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Tom Mazanec
2016-Jun-16, 05:10 PM
Now that we may have Planets Ten through Twelve, suppose Planet Nine is 10 Earth masses, planets Ten, Eleven and Twelve are 2-4 Earth masses, and the inner Hills Cloud has a dozen objects between Mars and Venus in mass and scores as big as Titan or Ganymede (is this observationally plausible).
Would this make Planet Nine, not clearing its orbit, a dwarf planet an order of magnitude bigger than Earth?

antoniseb
2016-Jun-16, 05:21 PM
Now that we may have Planets Ten through Twelve, suppose Planet Nine is 10 Earth masses, planets Ten, Eleven and Twelve are 2-4 Earth masses, and the inner Hills Cloud has a dozen objects between Mars and Venus in mass and scores as big as Titan or Ganymede (is this observationally plausible).
Would this make Planet Nine, not clearing its orbit, a dwarf planet an order of magnitude bigger than Earth?

IF the hypothetical planet 9 is several Earth masses, AND has not cleared its orbit, then by the current definition it wouldn't be a planet, but that wouldn't make it a dwarf. It would probably need some new designation, since the current definition doesn't cover such a situation.

George
2016-Jun-16, 05:52 PM
IF the hypothetical planet 9 is several Earth masses, AND has not cleared its orbit, then by the current definition it wouldn't be a planet, but that wouldn't make it a dwarf. It would probably need some new designation, since the current definition doesn't cover such a situation. Why not a dwarf planet?

At the 600AU (rough distance estimate) a planet would need to be, IIRC, about 1.6 Earth masses to clear its orbit.

01101001
2016-Jun-16, 07:10 PM
Nine alone: Planet.

Wikipedia: Planet Nine (https://en.wikipedia.org/wiki/Planet_Nine)


Brown thinks that no matter where it is speculated to be, if Planet Nine exists, then its mass is higher than what is required to clear its feeding zone in 4.6 billion years, and thus that it dominates the outer edge of the Solar System, which is sufficient to make it a planet by current definitions. Using a metric based on work by Jean-Luc Margot, Brown calculated that only at the smallest size and farthest distance was it on the border of being called a dwarf planet. Margot himself says that Planet Nine satisfies the quantitative criterion for orbit-clearing developed by him in 2015, and that according to that criterion, Planet Nine will qualify as a planet—if and when it is detected.

Lots of assumptions, of course. Lots.

But fewer assumptions than it takes to talk about Planets Ten through Twelve. Don't make up too many imaginary friends.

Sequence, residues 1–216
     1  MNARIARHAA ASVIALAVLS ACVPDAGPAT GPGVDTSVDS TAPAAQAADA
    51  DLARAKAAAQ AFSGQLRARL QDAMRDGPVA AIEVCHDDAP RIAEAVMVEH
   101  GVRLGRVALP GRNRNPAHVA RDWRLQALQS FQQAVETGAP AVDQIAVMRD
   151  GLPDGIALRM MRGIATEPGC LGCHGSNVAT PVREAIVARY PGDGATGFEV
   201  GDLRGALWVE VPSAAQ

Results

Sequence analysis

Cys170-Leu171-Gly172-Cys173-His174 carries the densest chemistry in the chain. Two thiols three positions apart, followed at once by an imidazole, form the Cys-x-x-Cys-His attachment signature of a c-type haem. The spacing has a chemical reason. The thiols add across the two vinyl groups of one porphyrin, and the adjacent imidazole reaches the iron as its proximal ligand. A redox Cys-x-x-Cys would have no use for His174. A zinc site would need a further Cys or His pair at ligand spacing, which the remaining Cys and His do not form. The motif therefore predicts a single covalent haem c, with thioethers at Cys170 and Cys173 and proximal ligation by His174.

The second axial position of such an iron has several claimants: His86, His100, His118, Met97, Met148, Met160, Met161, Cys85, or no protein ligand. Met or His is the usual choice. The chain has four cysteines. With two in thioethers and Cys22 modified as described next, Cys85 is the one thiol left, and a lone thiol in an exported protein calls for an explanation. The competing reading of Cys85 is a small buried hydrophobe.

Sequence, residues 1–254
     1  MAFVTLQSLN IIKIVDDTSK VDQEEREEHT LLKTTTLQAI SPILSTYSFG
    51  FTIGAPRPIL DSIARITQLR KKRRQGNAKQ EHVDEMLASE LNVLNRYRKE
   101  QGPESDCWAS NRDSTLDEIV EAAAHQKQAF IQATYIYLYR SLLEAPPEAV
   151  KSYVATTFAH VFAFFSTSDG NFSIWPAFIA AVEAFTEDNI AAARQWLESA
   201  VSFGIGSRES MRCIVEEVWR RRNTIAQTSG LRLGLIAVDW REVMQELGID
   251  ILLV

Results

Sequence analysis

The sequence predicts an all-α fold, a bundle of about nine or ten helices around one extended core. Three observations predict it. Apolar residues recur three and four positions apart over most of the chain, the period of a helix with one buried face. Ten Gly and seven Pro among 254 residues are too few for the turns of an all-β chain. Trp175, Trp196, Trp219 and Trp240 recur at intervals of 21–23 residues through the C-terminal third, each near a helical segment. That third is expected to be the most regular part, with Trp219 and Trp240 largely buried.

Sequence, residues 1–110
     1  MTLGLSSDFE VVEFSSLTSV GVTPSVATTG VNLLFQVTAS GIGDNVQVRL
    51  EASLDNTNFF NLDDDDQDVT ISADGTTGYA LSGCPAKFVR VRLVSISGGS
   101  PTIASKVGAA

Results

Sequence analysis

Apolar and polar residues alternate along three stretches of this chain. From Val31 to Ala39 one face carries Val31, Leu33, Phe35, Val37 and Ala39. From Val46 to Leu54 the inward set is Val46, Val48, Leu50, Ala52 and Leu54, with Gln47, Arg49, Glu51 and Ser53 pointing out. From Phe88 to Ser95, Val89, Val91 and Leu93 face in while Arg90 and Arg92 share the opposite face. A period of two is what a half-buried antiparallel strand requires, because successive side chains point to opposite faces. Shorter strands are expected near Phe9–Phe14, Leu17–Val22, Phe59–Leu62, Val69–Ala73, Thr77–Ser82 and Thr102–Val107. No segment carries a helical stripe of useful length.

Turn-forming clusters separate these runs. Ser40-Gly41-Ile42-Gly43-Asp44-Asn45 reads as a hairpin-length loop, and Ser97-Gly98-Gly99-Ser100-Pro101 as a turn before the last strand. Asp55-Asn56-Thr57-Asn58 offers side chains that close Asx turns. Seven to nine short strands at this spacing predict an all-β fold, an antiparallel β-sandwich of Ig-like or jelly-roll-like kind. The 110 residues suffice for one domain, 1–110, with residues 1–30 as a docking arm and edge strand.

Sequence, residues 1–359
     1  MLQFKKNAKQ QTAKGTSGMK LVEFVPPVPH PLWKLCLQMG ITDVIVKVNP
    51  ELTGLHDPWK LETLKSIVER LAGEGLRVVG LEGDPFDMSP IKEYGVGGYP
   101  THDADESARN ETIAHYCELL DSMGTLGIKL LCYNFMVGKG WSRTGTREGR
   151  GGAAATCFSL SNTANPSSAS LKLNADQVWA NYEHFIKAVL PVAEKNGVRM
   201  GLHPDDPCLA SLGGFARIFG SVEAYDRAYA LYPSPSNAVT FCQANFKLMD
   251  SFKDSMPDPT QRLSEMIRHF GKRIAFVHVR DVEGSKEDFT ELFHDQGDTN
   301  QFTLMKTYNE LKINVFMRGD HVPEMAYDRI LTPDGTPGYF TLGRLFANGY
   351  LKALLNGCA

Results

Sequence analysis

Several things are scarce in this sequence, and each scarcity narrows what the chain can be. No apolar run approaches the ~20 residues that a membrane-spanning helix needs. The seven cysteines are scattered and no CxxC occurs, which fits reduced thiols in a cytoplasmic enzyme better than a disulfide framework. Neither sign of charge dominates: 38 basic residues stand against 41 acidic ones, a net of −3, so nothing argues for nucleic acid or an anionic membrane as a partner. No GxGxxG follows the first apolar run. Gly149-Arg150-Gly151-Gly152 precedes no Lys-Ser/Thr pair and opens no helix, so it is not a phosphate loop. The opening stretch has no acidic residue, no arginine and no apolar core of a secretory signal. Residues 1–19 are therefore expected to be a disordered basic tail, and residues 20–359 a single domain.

George
2016-Jun-16, 08:37 PM
For planetary status, the Jean-Luc Margot method yields a 1.6 Earth mass for 600 AU, 2.5 Earth mass for 900 AU -- though this is my math. Was their "smallest" mass estimate close to this?

For the Ann Marie Madigan hypothesis -- the minor planets masses combine, primarily due to their slowness at aphelion, to cause what is the observational evidence suggesting the more popular Planet 9 hypothesis -- the inner most minor planet (~ 100AU) would have to have a mass of only about 1/4 that of Earth (100x more massive than Pluto), to be a "planet", not to mention eccentricity issues when applied to clearing, assuming that would add some headache to it.

It is interesting just how much more massive objects must become to clear their orbital zone as distance increases. This is, I think, due to their reduced orbital speed not being able to throw things as effectively.

DaveC426913
2016-Jun-16, 10:52 PM
A large planet that has not been able to clear its orbit of other bodies?

I'm thinkin' you're right it does need a new designation. I'm thinkin' it would be called a rogue intruder... or a recently captured planet.
;)

Noclevername
2016-Jun-17, 12:54 AM
Doesn't "clearing its orbit" depend very much on how many other bodies it shared its orbit with to begin with?

Solfe
2016-Jun-17, 01:12 AM
Do you think there was some segment of the population before 1930 that got rankled by the fact that people said "Planet X" when they really meant "Planet IX"? :)

I can hear the typewriters clattering:

"Dear Sirs, I wish to correspond with you about your piece entitled, 'SEE ANOTHER WORLD IN THE SKY.'"*

(*no they actually don't say "planet X" in that piece, but it would be funny...)

publiusr
2017-Mar-31, 07:33 PM
Looks like we have four candidates now
http://www.universetoday.com/134824/four-candidates-planet-9-located/

Oviraptor
2017-Apr-12, 08:53 AM
I would think a planetary mass object, if it did not clear its orbit would either be very new, and or is being bombarded by any objects in its orbit. We should be be able see that, if it was happening.

George
2017-Apr-12, 01:54 PM
I would think a planetary mass object, if it did not clear its orbit would either be very new, and or is being bombarded by any objects in its orbit. We should be be able see that, if it was happening. If it is, as they predict, > 1.6 Earth mass at ~ 600 AU then you would be right. But it does take a lot of orbits to dominate its orbital real estate.

publiusr
2017-Apr-29, 08:00 PM
And what is the time table for clearing an orbit. There are lots of Trojans to rid.

George
2017-May-01, 09:02 PM
And what is the time table for clearing an orbit. There are lots of Trojans to rid.
One suggestion is to use the main sequence period for any given star, but perhaps one billion years could serve even better.

Hornblower
2017-May-01, 09:57 PM
Let's not forget that the IAU resolution was framed for the present-day state of our solar system, and that no attempt was made to generalize it for other systems.